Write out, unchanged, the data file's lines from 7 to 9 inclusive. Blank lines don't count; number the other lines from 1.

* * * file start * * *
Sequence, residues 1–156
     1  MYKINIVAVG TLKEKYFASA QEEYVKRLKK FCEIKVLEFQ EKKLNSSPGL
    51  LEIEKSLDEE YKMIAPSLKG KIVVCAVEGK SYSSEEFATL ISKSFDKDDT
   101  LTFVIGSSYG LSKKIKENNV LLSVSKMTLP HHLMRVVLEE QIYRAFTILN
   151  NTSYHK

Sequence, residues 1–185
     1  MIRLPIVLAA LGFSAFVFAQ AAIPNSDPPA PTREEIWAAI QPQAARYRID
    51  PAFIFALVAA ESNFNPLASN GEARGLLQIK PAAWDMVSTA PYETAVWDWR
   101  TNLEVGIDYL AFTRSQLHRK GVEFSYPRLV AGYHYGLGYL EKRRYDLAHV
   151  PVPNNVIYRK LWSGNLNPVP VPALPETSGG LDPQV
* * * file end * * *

     1  MIRLPIVLAA LGFSAFVFAQ AAIPNSDPPA PTREEIWAAI QPQAARYRID
    51  PAFIFALVAA ESNFNPLASN GEARGLLQIK PAAWDMVSTA PYETAVWDWR
   101  TNLEVGIDYL AFTRSQLHRK GVEFSYPRLV AGYHYGLGYL EKRRYDLAHV